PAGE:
After a nationwide search for a new title star, Cilla – the Musical has embarked on its UK tour. I caught the show at the New Wimbledon Theatre to see if Kara Hayworth was doing the late, legendary Cilla Black justice and can only sing praises for her performance.
CILLA – THE MUSICAL is the new spectacular and heart-warming musical adaptation of the critically acclaimed hit ITV television series by Bafta Award winner, Jeff Pope. It tells the extraordinary story of the teenage girl from Liverpool whose teenage dreams of stardom lead to her becoming one of Britain’s best-loved entertainers of all time.
I’ve always thought that ‘jukebox’ musicals are far better to watch when they are centred around the musician involved (I’m not one for awkwardly shoving acclaimed hits into flaky, made-up plots). Cilla – the Musical has completely affirmed my opinion, with the story of her life and her wonderful music coming together to form a truly fitting tribute.
The songs chosen, a mix of Cilla’s singles and other popular tunes of the era, offer a nice variety to the soundtrack and are all expertly performed without feeling like a continuous tribute act. My only criticism would be the length – a musical pushing three hours is difficult to get right at the best of times, but it’s definitely not necessary for a jukebox show. Cutting down numbers to a verse and chorus in several places would avoid this, as the piece on the whole was a well constructed, interesting look at her life that was easy to enjoy.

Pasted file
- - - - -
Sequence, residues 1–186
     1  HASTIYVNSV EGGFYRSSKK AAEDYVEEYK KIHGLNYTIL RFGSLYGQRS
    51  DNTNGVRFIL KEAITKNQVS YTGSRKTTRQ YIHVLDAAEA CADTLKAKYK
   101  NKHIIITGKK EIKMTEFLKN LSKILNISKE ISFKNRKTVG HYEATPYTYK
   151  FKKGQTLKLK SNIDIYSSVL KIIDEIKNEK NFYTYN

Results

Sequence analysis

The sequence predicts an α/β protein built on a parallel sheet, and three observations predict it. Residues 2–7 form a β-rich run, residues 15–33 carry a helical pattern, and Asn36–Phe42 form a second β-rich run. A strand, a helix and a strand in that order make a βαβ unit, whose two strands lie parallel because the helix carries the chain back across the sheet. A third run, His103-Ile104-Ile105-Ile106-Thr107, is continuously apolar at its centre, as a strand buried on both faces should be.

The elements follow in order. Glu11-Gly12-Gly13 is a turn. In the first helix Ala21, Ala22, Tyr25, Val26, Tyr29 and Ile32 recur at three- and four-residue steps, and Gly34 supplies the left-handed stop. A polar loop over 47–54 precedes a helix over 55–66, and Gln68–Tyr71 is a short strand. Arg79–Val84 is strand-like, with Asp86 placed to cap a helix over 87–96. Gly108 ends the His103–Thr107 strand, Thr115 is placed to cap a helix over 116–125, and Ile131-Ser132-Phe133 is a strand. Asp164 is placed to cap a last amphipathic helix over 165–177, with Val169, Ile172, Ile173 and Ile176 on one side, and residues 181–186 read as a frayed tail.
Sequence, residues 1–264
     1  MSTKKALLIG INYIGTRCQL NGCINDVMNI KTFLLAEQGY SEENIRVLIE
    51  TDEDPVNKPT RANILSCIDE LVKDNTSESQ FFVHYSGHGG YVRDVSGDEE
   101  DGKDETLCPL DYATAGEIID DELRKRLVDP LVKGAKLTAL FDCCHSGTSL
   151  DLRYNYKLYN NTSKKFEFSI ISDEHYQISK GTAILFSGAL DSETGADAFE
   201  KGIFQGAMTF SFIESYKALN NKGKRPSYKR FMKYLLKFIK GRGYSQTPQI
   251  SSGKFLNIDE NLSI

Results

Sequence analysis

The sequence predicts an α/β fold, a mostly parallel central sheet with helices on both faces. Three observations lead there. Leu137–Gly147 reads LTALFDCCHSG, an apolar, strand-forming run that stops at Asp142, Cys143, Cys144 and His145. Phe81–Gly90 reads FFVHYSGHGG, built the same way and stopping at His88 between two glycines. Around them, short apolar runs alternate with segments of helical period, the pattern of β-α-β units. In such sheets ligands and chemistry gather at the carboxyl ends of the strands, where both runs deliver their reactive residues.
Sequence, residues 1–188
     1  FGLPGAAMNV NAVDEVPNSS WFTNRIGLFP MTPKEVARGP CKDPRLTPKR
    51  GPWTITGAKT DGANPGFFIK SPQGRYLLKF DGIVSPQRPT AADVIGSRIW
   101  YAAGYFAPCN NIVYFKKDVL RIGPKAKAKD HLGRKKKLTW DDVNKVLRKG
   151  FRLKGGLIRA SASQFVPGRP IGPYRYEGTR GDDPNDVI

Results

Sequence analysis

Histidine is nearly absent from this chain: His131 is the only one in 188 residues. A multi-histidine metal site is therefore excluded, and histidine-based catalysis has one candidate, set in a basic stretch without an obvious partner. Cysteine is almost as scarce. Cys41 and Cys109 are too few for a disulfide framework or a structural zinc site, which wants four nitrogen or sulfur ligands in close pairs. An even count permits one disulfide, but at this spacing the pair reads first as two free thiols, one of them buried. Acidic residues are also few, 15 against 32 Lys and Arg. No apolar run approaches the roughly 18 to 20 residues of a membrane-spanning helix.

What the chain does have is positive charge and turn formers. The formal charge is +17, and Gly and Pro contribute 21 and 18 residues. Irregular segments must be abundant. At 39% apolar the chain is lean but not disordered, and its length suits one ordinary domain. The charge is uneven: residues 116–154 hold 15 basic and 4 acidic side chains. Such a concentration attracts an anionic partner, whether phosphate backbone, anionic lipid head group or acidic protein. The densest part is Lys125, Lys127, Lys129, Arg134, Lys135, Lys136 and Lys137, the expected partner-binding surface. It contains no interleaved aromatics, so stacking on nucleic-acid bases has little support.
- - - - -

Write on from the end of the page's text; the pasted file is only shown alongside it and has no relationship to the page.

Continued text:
Kara Lily Hayworth is an absolute treat as Cilla Black. Her stunning voice makes each of her songs sound like a number one hit and her performance sees the character grow throughout. She’s the perfect choice for the role, absolutely nailing Cilla’s quirks and traits in every way.
She’s capably supported by Carl Au as love interest Bobby, who has an endearing quality to his performance. Together they really draw you into their journey and you find yourself championing them, both individually and as a couple. The rest of the cast do their jobs well, collectively portraying a variety of stars and offering some nice supporting performances.
It would be nice to see a little more fluidity – this show loves a black out! But overall the set and staging worked nicely. The book is unexpectedly strong, but with Cilla’s witty and brutally honest outbursts I expect it was an easy task to adapt to a script.
This is a classy and uplifting presentation of Cilla’s earlier years, exceptionally brought to life by Kara Lily Hayworth.
Photo credit: Matt Martin